“Leading hair straighteners, including Brazilian Blowout, claim that formaldehyde mixed with water creates a new chemical, methylene glycol. That is like saying that sweet tea does not contain sugar. In fact, when you purchase straight formaldehyde from a chemical company, you are actually buying a formaldehyde-water mixture. Over time, if exposed to air, the formaldehyde will off-gas, in other words, reverting to a gas, its natural state at room temperature.”

Good Housekeeping tested four salon brands — Brazilian Blowout, Marcia Teixeira, Keratin Complex by Coppola, and Global Keratin Light Wave—at an outside lab for the presence of formaldehyde. Good Housekeeping “found the toxic chemical in all four products” that exceeded the recommended threshold. Read more here: http://www.goodhousekeeping.com/product-reviews/consumer-protection/keratin-hair-treatments

Oregon’s Occupational Safety agency has published a detailed 32-page report titled, “‘Keratin-Based’ Hair Smoothing Products and the Presence of Formaldehyde.” This report carefully explains the recommended processes and cautions when using any product that has the potential to create formaldehyde. Oregon OSHA tested 105 samples of hair smoothing products, including samples from bottles of a Brazilian straightening formula labeled “formaldehyde free.” The report states that in actuality, these samples contained an average of almost nine percent formaldehyde—well above OSHA’s recommended daily limits. Additional tests were conducted on Brazilian straightening samples that were not labeled “formaldehyde free” but that did not mention formaldehyde on the packaging or Material Safety Data Sheets (MSDS). These samples were found to contain a range of 6.4 to 10.8 percent formaldehyde. Further studies in this report detailed how much formaldehyde vapor was created in a times sequence for each product.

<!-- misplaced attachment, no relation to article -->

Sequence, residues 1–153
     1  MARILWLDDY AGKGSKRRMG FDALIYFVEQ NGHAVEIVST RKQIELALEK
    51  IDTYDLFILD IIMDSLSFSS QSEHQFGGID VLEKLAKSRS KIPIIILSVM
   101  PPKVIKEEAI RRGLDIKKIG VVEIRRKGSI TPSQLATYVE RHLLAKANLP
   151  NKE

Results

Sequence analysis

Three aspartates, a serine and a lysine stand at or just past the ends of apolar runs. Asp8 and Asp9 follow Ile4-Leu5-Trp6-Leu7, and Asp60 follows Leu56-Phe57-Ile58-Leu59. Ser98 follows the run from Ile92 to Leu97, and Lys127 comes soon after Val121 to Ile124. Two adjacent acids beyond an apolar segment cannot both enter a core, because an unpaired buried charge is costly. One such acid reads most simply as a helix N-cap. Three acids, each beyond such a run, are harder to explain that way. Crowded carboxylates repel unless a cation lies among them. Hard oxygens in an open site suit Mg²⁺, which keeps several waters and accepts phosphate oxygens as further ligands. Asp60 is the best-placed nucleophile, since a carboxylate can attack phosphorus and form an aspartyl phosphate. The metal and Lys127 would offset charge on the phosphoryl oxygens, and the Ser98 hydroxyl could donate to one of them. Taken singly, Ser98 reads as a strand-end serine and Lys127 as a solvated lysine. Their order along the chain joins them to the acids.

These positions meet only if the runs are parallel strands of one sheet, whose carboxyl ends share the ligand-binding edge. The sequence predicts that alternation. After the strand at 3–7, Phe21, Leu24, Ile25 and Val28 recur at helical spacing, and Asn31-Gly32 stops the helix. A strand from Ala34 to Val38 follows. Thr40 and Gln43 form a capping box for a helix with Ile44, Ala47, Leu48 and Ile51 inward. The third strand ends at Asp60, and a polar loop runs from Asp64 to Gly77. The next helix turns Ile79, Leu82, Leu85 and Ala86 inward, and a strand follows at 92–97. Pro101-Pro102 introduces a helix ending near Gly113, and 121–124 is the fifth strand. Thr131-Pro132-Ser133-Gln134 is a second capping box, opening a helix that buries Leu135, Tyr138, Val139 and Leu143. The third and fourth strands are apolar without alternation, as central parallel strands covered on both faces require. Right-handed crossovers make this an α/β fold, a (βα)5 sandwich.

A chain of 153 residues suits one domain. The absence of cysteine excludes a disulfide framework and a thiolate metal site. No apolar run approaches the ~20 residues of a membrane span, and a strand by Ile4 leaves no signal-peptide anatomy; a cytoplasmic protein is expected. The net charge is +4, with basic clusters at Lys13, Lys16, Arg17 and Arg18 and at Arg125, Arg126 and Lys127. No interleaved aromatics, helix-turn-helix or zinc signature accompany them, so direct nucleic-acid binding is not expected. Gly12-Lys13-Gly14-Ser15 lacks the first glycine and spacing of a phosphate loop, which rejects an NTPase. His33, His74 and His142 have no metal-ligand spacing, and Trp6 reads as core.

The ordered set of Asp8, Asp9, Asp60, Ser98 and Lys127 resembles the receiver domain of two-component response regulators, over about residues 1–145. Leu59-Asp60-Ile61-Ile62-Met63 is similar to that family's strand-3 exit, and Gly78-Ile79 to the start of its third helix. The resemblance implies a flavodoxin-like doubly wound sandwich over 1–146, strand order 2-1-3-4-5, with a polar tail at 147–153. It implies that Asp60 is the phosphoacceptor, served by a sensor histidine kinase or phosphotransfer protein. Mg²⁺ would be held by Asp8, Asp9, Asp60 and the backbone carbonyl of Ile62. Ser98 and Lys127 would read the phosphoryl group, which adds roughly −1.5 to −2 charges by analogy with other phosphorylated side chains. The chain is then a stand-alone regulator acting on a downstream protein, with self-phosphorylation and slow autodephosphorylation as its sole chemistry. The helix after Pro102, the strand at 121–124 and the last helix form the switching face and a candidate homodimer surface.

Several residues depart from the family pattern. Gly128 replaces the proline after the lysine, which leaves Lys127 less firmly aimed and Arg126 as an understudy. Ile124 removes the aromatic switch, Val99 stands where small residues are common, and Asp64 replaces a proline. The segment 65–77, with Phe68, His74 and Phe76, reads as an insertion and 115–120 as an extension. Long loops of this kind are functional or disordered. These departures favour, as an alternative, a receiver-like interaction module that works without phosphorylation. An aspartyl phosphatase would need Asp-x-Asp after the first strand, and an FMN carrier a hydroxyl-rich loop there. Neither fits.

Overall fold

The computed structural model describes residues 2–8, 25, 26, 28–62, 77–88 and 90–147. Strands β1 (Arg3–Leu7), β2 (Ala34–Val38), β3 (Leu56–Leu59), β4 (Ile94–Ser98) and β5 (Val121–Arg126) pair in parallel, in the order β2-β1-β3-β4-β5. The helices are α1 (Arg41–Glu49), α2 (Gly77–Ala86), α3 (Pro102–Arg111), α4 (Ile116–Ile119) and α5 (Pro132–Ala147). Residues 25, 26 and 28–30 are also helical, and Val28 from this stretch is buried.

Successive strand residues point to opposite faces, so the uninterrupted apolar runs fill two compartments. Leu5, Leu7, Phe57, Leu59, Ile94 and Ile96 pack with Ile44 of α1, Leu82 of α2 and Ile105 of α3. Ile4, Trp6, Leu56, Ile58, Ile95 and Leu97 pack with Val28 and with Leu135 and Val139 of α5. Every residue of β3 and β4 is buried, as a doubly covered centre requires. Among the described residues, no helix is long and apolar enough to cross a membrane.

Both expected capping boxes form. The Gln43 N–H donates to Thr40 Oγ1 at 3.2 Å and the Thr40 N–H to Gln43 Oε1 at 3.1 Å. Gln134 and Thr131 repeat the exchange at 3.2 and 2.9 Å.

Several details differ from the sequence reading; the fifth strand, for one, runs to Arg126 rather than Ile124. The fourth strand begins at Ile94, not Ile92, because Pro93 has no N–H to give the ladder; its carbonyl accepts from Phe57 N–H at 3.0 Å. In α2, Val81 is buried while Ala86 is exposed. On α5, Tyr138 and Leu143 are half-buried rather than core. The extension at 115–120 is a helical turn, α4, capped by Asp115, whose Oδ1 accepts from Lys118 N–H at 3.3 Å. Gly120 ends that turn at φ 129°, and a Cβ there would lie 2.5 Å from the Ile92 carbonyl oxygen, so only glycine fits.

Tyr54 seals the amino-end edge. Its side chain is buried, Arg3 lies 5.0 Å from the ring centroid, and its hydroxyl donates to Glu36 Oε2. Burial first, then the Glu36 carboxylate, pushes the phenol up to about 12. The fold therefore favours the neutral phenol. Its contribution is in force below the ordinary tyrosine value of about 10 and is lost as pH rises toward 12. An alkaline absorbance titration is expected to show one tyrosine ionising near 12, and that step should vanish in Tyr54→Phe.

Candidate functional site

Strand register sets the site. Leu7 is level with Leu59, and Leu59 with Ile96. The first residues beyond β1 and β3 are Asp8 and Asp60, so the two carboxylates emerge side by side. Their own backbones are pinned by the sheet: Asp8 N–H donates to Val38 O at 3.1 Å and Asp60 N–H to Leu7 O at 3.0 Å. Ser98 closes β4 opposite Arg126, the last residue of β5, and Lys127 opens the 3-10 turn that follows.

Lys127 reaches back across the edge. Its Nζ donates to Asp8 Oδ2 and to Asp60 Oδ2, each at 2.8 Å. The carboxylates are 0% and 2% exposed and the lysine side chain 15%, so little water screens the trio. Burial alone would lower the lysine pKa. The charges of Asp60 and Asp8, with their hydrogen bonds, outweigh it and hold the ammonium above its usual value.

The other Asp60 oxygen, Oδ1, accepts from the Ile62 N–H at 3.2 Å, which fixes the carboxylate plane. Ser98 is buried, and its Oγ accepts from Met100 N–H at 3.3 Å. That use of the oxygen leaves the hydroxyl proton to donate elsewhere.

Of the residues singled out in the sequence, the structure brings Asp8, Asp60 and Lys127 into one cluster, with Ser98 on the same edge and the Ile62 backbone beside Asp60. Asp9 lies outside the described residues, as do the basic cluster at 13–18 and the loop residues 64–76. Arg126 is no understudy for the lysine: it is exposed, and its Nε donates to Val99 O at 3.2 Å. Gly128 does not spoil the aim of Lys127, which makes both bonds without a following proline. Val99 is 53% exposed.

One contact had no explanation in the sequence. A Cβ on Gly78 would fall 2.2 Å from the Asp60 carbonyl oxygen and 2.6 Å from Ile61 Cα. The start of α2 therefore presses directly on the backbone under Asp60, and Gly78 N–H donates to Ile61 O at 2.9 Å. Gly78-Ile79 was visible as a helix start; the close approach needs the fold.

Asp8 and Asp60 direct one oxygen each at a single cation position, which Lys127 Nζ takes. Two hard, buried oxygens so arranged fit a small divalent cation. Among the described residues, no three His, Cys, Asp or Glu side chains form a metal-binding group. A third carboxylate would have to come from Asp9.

The irritant effects of formaldehyde exposure are well known and include eye, nose and throat irritation, loss of sense of smell, increased upper respiratory disease, dry and sore throats, respiratory tract irritation, cough, chest pain, shortness of breath and wheezing. Both the EPA and OSHA classify formaldehyde as a suspected human carcinogen because of links to nasal cancer and leukemia, while NIOSH and the International Agency for Research on Cancer list it as a known human carcinogen.

Salon owners, stylists, and other salon workers have the right know what is in the products that they are buying and using and how to protect their workers and themselves from formaldehyde exposure.

If you or a loved has been injured as a result of formaldehyde exposure associated with a mislabeled hair or beauty product, contact the lawyers at Heygood, Orr & Pearson for your free case evaluation and to learn more about your legal right to compensation. You can reach us by calling toll-free at 1-877-446-9001, or by filling out a free legal consultation form.

by Jay Pate

John “Jay” Pate is a licensed attorney who focuses his practice on complex tort litigation involving catastrophic personal injury, wrongful death, medical malpractice, and product liability cases.